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Germany calls for gas/diesel car ban by 2030

Kalyani.rc 0 Ratings 29 Discussions 14 Group posts

Posted by: Kalyani.rc // Passive House / Sustainability Enthusiast

Germany calls for gas/diesel car ban by 2030

Germany isn't content with relying on financial incentives to usher in an era of pollution-free cars. The country's Bundesrat (federal council) approved a resolution that calls for a ban on new internal combustion engines by 2030. This ban would include plug-in hybrid vehicles, which were previously assumed to be the transitional technology that would bridge the past and future of mobility. The Bundesrat is asking the European Commission to implement the ban across the European Union. It was originally thought that internal combustion engines would not be banned until at least 2050, but the German federal council’s vote might bring that timeline forward by two decades.

A second part of the vote calls for an elimination of EU policies that favour diesel cars, including lower taxes on sales of new diesel automobiles and lower taxes on diesel fuel. Government officials argued that these current lower costs for diesel cars are detrimental when trying to encourage buyers to switch to zero-emissions cars.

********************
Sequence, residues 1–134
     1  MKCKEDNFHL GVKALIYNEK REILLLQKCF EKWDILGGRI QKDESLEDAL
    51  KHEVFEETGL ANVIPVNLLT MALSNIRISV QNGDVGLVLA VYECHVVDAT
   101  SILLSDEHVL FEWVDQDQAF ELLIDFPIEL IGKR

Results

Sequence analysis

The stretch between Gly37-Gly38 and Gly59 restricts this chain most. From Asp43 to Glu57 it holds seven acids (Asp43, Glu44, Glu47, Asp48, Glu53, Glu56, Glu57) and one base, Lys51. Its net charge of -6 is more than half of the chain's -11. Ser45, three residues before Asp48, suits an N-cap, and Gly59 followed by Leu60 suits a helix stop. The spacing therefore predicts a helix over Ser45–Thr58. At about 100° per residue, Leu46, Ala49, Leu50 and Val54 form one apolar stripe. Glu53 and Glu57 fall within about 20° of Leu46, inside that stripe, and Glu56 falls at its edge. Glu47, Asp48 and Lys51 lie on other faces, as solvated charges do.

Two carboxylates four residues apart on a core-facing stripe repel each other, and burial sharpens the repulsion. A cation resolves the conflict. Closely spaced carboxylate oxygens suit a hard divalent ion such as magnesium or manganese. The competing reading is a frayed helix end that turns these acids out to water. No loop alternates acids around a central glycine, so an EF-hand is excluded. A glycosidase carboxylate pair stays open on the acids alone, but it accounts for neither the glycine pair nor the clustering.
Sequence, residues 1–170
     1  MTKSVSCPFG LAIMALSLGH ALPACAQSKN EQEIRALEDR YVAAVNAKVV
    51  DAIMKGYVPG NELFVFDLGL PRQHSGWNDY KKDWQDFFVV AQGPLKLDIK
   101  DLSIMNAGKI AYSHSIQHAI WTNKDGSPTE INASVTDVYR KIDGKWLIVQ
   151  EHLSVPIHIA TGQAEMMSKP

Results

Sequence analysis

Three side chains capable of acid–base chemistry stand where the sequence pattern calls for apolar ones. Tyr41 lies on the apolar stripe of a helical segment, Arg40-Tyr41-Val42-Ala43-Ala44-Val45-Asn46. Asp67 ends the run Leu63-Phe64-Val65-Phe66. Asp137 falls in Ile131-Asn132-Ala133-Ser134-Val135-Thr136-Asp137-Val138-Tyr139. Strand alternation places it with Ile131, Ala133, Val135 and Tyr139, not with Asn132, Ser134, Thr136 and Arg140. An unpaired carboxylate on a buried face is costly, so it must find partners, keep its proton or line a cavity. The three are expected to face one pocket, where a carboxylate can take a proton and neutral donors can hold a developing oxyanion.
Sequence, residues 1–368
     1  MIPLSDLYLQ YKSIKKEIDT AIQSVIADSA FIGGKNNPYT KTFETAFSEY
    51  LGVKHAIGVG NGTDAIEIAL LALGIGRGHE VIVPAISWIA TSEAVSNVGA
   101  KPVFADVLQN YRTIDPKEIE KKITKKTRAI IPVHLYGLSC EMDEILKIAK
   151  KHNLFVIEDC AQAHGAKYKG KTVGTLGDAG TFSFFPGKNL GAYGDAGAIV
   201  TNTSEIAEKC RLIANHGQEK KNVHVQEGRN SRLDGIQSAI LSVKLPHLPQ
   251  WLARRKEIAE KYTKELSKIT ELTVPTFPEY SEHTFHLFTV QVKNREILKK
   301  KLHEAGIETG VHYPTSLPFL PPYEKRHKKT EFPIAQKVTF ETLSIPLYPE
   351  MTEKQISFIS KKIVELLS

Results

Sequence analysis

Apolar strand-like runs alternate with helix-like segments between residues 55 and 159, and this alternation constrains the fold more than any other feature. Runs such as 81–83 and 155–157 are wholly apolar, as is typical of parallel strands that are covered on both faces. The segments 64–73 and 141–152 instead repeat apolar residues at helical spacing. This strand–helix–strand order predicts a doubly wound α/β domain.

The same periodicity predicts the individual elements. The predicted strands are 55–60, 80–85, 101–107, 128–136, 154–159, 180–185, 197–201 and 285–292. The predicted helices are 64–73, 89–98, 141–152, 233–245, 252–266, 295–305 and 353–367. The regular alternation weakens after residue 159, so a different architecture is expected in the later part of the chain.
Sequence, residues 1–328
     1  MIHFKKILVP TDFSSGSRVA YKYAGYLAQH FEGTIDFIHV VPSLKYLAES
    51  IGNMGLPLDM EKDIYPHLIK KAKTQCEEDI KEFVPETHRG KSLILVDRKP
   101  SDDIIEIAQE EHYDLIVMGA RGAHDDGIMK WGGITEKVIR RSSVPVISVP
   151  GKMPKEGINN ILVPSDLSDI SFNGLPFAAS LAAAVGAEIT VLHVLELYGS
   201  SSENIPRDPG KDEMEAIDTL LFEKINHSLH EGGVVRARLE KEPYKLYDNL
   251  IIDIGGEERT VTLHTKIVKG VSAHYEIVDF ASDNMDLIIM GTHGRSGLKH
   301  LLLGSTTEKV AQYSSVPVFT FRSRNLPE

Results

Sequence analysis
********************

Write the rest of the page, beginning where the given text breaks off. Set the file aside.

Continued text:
The council also wants the European Commission to review its taxation policies and their effect on the "stimulation of emission-free mobility." Just what that means isn't clear. It could involve stronger tax incentives for buying zero-emissions cars, but it could also involve eliminating tax breaks for diesel cars in EU states. Automakers are already worried that tougher emission standards could kill diesels -- remove the low cost of ownership and it would only hasten their demise.

This decision could have a profound effect on encouraging Germany’s world-famous car manufacturers, including BMW, Porsche, Audi, Mercedes and Volkswagen, to move forwards with the development of their electric vehicles. Since German car companies have a powerful influence on the global market, any law banning internal combustion cars would have far-reaching effects in other parts of the world.

This decision by government officials represents a dramatic shift in attitude away from conventional cars and trucks to a future of electric vehicles with zero emissions. Combine that with larger zero-emissions incentives and the proposed combustion engine ban, and it might not take much for Europeans to go with electric or hydrogen the next time they go car shopping.

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